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Ukraine And European Security - International Mechanisms
As Non-Military Options For National Security Of Ukraine.

Bohdan Lupiy
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Concluding Remarks

The analysis of this study through dimensions of national security complex, existing trends in Ukrainian foreign and security polies allows to interpret that being on the path of recent economic and political reforms, Ukraine still desperately seeks for credible strategy to deal with its security challenges and needs appropriate international support.

In this regard, the study suggests Ukraine's participation in international establishments and eventual integration to them, as only efficient way to address Ukraine's security unsteadiness.

The study also demonstrates the "evolutionary" approach of Ukraine's way of integration with Western European establishments, as an effective tactic for country's foreign and security policies for the most visible forecast to reach this goal. As according to the paper's methodology, this approach presumes uninvolved position of Ukraine during the transitional period, but in close cooperation with NATO, EU, CIS and other regional organizations through individual programmes (like "16+1" model or special "1+1" program within NATO frame, network of agreements of Partnership and Cooperation with EU, status of Associated Partner in the CIS, etc).

Ukrainian state is obliged to take considerable unilateral steps to safeguard the inviolability of its borders and to maintain domestic order. The extensive use of international proceedings, can help to ensure that these aims are pursued without breaking of the internationally accepted norms.

In this respect, the Organization on Security and Cooperation in Europe seems to be one of the most suitable establishments to accomplish this task. This supposition is also proven by the fact that, with connection to various procedures, mechanisms and missions, the participants of OSCE have already showed some willingness to become involved in the problems facing by Ukraine. As the study suggests, to energize this treat and gain real advantage of participating in this organization, Ukrainian leadership, should realize a vital task - take an active stance in the reformation of Organization.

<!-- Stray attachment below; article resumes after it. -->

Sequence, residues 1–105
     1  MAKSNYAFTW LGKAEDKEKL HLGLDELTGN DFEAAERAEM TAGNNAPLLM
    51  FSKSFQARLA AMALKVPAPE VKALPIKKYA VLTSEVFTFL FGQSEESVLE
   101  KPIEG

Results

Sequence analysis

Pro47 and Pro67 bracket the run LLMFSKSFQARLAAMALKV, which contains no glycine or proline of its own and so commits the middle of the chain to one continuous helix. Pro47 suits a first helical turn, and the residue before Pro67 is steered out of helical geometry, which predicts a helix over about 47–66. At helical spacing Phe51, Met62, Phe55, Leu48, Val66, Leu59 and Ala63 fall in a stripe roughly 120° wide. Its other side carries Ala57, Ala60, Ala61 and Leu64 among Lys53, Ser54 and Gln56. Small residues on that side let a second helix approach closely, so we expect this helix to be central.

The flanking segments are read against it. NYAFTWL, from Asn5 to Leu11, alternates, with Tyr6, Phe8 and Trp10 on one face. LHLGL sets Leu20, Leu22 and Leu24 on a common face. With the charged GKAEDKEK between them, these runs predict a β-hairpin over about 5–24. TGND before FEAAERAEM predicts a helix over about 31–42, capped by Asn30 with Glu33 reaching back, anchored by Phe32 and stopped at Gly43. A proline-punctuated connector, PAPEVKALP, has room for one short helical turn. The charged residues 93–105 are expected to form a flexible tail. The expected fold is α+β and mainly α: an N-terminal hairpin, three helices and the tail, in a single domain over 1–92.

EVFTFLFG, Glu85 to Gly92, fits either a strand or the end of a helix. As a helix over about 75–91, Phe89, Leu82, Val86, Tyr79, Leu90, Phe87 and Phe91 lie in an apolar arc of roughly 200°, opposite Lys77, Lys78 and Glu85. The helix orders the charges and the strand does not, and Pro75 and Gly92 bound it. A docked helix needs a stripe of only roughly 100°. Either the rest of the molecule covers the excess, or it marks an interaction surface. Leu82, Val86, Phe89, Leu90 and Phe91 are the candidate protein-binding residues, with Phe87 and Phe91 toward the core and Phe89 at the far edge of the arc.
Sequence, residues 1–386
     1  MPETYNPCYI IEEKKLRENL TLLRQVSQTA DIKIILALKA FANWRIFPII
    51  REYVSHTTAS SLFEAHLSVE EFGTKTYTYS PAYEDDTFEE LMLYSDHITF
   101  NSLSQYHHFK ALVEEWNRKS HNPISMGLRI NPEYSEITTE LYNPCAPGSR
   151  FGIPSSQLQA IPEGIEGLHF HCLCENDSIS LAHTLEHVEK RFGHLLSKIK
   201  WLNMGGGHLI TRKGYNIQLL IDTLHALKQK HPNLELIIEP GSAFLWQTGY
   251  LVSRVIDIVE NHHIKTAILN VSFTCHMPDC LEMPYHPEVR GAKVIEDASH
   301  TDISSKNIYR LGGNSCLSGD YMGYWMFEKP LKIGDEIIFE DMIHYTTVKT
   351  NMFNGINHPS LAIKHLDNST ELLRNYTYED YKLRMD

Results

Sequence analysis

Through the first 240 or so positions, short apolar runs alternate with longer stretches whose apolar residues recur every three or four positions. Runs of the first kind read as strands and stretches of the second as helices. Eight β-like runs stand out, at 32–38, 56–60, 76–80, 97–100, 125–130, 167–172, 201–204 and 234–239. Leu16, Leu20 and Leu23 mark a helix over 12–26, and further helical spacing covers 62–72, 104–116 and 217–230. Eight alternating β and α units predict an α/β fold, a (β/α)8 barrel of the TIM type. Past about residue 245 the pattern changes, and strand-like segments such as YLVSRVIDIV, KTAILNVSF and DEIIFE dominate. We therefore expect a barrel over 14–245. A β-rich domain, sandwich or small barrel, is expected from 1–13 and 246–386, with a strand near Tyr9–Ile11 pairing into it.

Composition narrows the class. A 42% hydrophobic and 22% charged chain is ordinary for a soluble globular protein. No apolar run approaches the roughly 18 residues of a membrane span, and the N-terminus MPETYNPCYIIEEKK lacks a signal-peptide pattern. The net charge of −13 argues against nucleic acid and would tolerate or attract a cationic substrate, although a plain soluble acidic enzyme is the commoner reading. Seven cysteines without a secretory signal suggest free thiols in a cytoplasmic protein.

In broad terms OSCE participation means accountability for behaviour in foreign and domestic relations to commitments agreed by Participating States. For Ukraine it also appears to have all the attributes of a platform, on which it can deal constructively with issues affecting its national security on equal base with other states. And by giving Ukraine the reason to have an equal voice in a European security dialogue, the OSCE participation perhaps will significantly smooth the way for forthcoming NATO enlargement and will remain to be one among few available channels for constructive and balanced dialogue with Russia. The modernization within the OSCE framework, especially made by Helsinki and Budapest Follow-Up meetings also provide the prospects for further institutionalization and could also be a point of the eventual creation of a treaty-based international organization in Europe. Recent innovations give at least a room to hope so.

Ukraine's admission to the Council of Europe, will also unquestionably play an important role in the development of respectable international image of Ukraine, as new democracy in Europe. It should also contribute to the elaboration of vitally-important domestic legislation and assist Ukrainian leaders in the process of nation-building.

Besides a practical opportunity to establish closer links with NATO in military-political field, participation in the North Athlantic Council and Partnership for Peace engages Ukraine in multilateral activity among countries, which addresses Ukrainian issues of concern and help to identify potential problems, which can then be addressed and resolved before their acceleration. It is true for every angle of state security, including such modern parameters, as protection of environment, which increasingly transcend national borders today and can be addressed effectively only at the international level.

Throuh participation in the NATO cooperative framework as a neutral state, Ukraine should also support Central and Eastern European states in their entering of NATO. Algthough, one can theotheretize, that posible membership of these states would initually undermine their ties with Ukraine, that will be a short term process if Kiev to follow a proper approach to the process of Alliance's enlargement - counting on national interests of Central and Eastern European states, Ukraine in return, would also receive a political promotion from these countries, as it was already proved by Czech political support to Ukraine in entering of the Council of Europe, as well as in developing of Ukraine's bi-lateral relations with these states.